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Amyloid-β effects on synapses and memory require AMPA receptor subunit GluA3

Publication year 2016
Published in Proceedings of the National Academy of Sciences of the United States of America
Authors H.W. Kessels, Niels R Reinders, Yvonne Pao, Maria C Renner, Carla M da Silva-Matos, Tessa R Lodder, Roberto Malinow,
The order of authors may deviate from the original publication due to temporary technical issues.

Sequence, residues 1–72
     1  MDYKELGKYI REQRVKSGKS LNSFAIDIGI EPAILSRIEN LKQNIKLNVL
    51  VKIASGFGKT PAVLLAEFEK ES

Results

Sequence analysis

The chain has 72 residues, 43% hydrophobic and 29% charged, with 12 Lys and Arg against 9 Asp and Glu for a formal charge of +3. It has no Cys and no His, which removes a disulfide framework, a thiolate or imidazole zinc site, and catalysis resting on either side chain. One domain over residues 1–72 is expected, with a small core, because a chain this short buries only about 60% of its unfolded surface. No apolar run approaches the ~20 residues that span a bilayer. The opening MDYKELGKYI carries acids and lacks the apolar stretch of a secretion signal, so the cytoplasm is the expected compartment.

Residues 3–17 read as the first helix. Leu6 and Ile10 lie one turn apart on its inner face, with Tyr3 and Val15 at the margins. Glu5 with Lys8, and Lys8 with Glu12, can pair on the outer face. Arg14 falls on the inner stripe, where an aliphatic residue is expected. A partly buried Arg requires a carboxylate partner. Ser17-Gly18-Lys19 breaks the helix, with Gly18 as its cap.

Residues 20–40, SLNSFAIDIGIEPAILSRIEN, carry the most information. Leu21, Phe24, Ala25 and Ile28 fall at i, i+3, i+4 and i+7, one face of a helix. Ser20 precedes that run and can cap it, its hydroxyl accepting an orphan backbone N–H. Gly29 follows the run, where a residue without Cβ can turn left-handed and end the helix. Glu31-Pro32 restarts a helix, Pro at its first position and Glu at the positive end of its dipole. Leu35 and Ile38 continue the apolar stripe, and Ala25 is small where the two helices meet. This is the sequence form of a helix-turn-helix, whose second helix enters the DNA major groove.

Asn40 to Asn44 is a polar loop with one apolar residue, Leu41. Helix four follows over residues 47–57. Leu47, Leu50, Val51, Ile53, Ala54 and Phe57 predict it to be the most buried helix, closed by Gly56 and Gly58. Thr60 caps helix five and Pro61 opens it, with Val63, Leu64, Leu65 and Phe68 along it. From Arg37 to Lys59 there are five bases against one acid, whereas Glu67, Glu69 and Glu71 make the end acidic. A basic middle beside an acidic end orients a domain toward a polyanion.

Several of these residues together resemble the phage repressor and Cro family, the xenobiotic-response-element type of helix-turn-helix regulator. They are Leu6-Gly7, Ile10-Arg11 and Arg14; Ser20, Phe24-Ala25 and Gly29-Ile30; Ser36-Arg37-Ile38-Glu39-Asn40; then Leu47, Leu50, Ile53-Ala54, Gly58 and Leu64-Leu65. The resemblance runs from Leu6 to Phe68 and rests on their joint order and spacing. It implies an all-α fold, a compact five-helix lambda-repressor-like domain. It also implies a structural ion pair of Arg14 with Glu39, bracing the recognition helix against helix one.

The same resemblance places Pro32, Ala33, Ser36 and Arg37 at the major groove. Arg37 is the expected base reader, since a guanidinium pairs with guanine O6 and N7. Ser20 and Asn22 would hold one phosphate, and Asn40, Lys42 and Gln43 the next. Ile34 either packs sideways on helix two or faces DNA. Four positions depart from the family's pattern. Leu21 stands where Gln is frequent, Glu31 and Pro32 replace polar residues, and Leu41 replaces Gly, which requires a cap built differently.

Amyloid-β (Aβ) is a prime suspect for causing cognitive deficits during the early phases of Alzheimer’s disease (AD). Experiments in AD mouse models have shown that soluble oligomeric clusters of Aβ degrade synapses and impair memory formation. We show that all Aβ-driven effects measured in these mice depend on AMPA receptor (AMPAR) subunit GluA3. Hippocampal neurons that lack GluA3 were resistant against Aβ-mediated synaptic depression and spine loss. In addition, Aβ oligomers blocked long-term synaptic potentiation only in neurons that expressed GluA3. Furthermore, although Aβ-overproducing mice showed significant memory impairment, memories in GluA3-deficient congenics remained unaffected. These experiments indicate that the presence of GluA3-containing AMPARs is critical for Aβ-mediated synaptic and cognitive deficits.

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